The four colleges in the report took similar approaches to support Latinx students so they can succeed in both college and the workforce, according to the report. Workforce preparation was a goal across their campuses, not just relegated to career services offices. The colleges adapted to changing workforce demands and changes in their student populations. They emphasized experiential learning opportunities both in and out of the classroom. They also revamped their workforce efforts using data. And they worked with local employers to meet regional demands and help ease the transition from college to work.

The report was originally scheduled to be released in March, but Excelencia delayed its publication to reach back to the institutions to see what had changed due to the COVID-19 pandemic.

The colleges said they offered financial support to students as unemployment increased. As internships were canceled, many also reached out to Parker Dewey, which helps place students in remote microinternships. They also adapted to create virtual networking and mentoring opportunities for students.

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Michigan university focused on Latinx students, despite small numbers

Less than 10 percent of students at Grand Valley State University are Latinx. That hasn't stopped the university from making them a focus of supports.

Number of Latinx presidents not consistent with growth of Latinx student population

Despite increasing growth of the Latinx student demographic, the number of Latinx presidents has stayed roughly the same for decades -- something many administrators hope can be addressed.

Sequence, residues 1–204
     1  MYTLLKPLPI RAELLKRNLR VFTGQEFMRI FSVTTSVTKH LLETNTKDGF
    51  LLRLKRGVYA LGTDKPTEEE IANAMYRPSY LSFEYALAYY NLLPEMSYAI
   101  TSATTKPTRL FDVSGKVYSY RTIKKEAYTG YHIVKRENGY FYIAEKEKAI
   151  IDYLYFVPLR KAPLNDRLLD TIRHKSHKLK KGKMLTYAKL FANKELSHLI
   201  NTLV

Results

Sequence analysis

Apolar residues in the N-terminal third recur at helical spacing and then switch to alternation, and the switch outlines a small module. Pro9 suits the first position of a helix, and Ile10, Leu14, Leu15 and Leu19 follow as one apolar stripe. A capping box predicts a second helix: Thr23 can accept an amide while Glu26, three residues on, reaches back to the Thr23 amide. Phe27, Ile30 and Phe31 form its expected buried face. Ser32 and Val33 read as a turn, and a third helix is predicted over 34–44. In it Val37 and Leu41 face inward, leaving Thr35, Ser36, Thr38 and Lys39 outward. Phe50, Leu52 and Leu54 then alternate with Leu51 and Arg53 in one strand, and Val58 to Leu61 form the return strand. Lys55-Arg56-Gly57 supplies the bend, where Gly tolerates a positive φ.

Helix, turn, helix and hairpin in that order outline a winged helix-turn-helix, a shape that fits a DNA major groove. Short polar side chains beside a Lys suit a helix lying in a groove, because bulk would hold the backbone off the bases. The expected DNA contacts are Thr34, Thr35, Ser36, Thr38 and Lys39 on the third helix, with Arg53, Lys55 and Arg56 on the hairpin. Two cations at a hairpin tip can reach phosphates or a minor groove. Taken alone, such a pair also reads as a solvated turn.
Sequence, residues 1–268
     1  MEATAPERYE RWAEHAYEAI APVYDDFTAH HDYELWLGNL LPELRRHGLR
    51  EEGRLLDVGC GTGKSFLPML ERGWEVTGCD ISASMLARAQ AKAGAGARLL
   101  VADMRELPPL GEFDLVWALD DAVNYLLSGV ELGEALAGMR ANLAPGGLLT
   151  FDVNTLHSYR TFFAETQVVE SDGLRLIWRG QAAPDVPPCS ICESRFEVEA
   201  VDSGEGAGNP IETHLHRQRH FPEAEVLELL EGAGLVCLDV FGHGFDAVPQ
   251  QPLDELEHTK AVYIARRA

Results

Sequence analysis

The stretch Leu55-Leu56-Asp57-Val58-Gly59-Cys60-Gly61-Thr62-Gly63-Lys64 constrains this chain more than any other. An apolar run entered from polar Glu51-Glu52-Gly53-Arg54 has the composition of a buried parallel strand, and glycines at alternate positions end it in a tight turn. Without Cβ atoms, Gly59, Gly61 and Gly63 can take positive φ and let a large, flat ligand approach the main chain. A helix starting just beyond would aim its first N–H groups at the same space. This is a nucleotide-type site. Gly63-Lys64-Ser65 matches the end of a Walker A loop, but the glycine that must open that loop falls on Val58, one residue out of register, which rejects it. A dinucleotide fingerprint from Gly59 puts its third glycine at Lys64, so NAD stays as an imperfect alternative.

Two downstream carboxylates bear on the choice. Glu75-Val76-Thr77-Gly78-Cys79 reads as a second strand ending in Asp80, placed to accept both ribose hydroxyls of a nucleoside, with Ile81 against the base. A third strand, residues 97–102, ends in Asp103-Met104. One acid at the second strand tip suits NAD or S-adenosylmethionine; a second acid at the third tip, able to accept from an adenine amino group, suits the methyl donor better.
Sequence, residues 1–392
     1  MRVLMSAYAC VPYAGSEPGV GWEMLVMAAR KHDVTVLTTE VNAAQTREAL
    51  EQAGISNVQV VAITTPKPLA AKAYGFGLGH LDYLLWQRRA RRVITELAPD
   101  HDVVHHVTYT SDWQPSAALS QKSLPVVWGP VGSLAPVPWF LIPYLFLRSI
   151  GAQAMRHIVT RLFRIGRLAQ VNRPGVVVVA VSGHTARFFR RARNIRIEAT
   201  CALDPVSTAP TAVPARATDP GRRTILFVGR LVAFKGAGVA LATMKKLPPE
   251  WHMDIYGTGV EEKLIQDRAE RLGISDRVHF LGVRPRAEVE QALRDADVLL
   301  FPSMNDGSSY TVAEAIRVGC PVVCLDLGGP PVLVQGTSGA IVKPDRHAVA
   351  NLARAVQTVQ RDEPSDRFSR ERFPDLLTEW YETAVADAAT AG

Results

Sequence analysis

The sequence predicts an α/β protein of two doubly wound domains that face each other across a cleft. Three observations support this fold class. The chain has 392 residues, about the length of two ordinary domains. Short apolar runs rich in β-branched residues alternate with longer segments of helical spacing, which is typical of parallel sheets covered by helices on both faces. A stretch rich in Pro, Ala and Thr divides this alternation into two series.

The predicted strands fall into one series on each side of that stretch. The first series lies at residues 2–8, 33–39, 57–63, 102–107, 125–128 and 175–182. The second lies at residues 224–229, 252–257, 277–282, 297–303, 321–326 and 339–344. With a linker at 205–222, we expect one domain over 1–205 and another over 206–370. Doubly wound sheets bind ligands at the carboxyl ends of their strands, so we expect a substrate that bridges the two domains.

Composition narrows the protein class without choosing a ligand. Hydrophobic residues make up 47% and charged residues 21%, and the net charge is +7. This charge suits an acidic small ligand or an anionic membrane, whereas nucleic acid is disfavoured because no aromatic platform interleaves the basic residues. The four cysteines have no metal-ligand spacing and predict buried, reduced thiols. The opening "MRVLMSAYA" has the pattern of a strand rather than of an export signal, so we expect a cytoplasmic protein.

Government policies could thwart the progress of Latinos and the country (essay)

In recent years, Latinos have made significant gains in education. For example, they are now graduating from high school at higher rates, and their dropout rates are lower than ever before. Moreover, Latinos are enrolling in higher education in record numbers -- surpassing their white and African-American counterparts.

Through a mix of policies and substantive initiatives, President Obama spurred forward the improvement of Latino education. During his eight years in office, he focused his efforts on areas that are often cited as having the most potential to improve Latino education, such as developing standards that helped ensure Latinos are ready for college and career, ending bullying in schools and communities, closing for-profit institutions that prey on vulnerable students, and providing college graduates relief from the burden of student loans.

Under the Trump administration, however, all of this progress toward improving the educational and career outcomes of Latino students is in danger of stalling and -- much worse -- reverting back to the disastrous educational attainment rates of the 1970s.

Here is just some of what is at stake.

Federal student aid. The previous administration made substantial contributions to bolster the federal student aid system. Pell Grants -- the signature federal aid program -- provided increased access to higher education for millions of Latino and low-income students across the country. In addition, the Obama administration worked to ease the burden of student loans through initiatives that reward students for their commitment to public service. President Trump’s recent actions have put these advancements in jeopardy through proposed reductions in federal student aid and the reversal of protections for student borrowers.

The 2018 budget proposal that the Trump administration released this week calls for the elimination of the Supplemental Educational Opportunity Grant program -- the recipients of which are usually Pell-eligible students -- and cuts the Federal Work-Study program by nearly half. Such measures could significantly restrict access to education for Latinos and other low-income and minority students.